stored in %USERPROFILE%\_vimrc.

<a name="installation-with-pathogen"></a>

3.i. Installation with Pathogen

To install this module with Pathogen,
you should clone this repository to your bundle directory, and ensure
you have the line execute pathogen#infect() in your ~/.vimrc file.
You can run the following commands in your terminal to do so:

cd ~/.vim/bundle
git clone https://github.com/w0rp/ale.git

<a name="installation-with-vundle"></a>

3.ii. Installation with Vundle

You can install this plugin using Vundle
by using the path on GitHub for this repository.

Plugin 'w0rp/ale'

See the Vundle documentation for more information.

<a name="manual-installation"></a>

3.iii. Manual Installation

For installation without a package manager, you can clone this git repository
into a bundle directory as with pathogen, and add the repository to your
runtime path yourself. First clone the repository.

cd ~/.vim/bundle
git clone https://github.com/w0rp/ale.git

Then, modify your ~/.vimrc file to add this plugin to your runtime path.

set nocompatible
filetype off

let &runtimepath.=',~/.vim/bundle/ale'

filetype plugin on

You can add the following line to generate documentation tags automatically,
if you don't have something similar already, so you can use the :help command
to consult ALE's online documentation:

silent! helptags ALL

Because the author of this plugin is a weird nerd, this is his preferred
installation method.

<a name="contributing"></a>

4. Contributing

If you would like to see support for more languages and tools, please
create an issue
or create a pull request.
If your tool can read from stdin or you have code to suggest which is good,
support can be happily added for it.

If you are interested in the general direction of the project, check out the
wiki home page. The wiki includes a
Roadmap for the future, and more.

If you'd liked to discuss the project more directly, check out the #vim-ale channel
on Freenode. Web chat is available here.

<a name="faq"></a>

5. FAQ

<a name="faq-disable-linters"></a>

5.i. How do I disable particular linters?

By default, all available tools for all supported languages will be run.
If you want to only select a subset of the tools, simply create a
g:ale_linters dictionary in your vimrc file mapping filetypes
to lists of linters to run.

let g:ale_linters = {
\   'javascript': ['eslint'],
\}

For all languages unspecified in the dictionary, all possible linters will
be run for those languages, just as when the dictionary is not defined.
Running many linters should not typically obstruct editing in Vim,
as they will all be executed in separate processes simultaneously.

This plugin will look for linters in the ale_linters directory.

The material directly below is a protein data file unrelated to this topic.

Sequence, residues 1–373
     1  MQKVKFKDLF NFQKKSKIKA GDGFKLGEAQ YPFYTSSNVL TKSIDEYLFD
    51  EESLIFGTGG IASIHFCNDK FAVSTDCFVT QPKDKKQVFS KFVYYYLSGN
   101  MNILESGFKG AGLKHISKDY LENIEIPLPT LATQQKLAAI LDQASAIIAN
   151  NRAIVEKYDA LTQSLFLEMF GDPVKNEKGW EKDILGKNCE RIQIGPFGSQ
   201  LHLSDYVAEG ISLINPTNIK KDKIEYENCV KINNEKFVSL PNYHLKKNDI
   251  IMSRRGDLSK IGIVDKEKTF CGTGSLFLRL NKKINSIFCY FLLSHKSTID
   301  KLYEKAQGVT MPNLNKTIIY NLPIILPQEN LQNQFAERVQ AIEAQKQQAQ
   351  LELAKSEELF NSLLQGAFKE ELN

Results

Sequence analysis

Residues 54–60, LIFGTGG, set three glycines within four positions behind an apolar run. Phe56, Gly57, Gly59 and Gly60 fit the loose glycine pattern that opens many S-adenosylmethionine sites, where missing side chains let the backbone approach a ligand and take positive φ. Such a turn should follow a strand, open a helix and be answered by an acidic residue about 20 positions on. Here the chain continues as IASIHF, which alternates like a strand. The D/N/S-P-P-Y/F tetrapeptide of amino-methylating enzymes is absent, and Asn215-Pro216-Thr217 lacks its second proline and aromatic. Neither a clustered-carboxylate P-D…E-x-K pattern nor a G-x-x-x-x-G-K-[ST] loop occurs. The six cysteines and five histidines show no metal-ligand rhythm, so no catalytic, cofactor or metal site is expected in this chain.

Each directory within corresponds to a particular filetype in Vim, and each file
in each directory corresponds to the name of a particular linter.

<a name="faq-keep-signs"></a>

5.ii. How can I keep the sign gutter open?

You can keep the sign gutter open at all times by setting the
g:ale_sign_column_always to 1

let g:ale_sign_column_always = 1

<a name="faq-change-signs"></a>

5.iii. How can I change the signs ALE uses?

Use these options to specify what text should be used for signs:

let g:ale_sign_error = '>>'
let g:ale_sign_warning = '--'

ALE sets some background colors automatically for warnings and errors
in the sign gutter, with the names ALEErrorSign and ALEWarningSign.
These colors can be customised, or even removed completely:

highlight clear ALEErrorSign
highlight clear ALEWarningSign

<a name="faq-statusline"></a>

5.iv. How can I show errors or warnings in my statusline?

You can use ALEGetStatusLine() to integrate ALE into vim statusline.
To enable it, you should have in your statusline settings

%{ALEGetStatusLine()}

When errors are detected a string showing the number of errors will be shown.
You can customize the output format using the global list g:ale_statusline_format where:

  • The 1st element is for errors
  • The 2nd element is for warnings
  • The 3rd element is for when no errors are detected

e.g

let g:ale_statusline_format = ['⨉ %d', '⚠ %d', '⬥ ok']


<a name="faq-echo-format"></a>

5.v. How can I change the format for echo messages?

There are 3 global options that allow customizing the echoed message.

  • g:ale_echo_msg_format where:
    • %s is the error message itself
    • %linter% is the linter name
    • %severity is the severity type
  • g:ale_echo_msg_error_str is the string used for error severity.
  • g:ale_echo_msg_warning_str is the string used for warning severity.

So for example this:

let g:ale_echo_msg_error_str = 'E'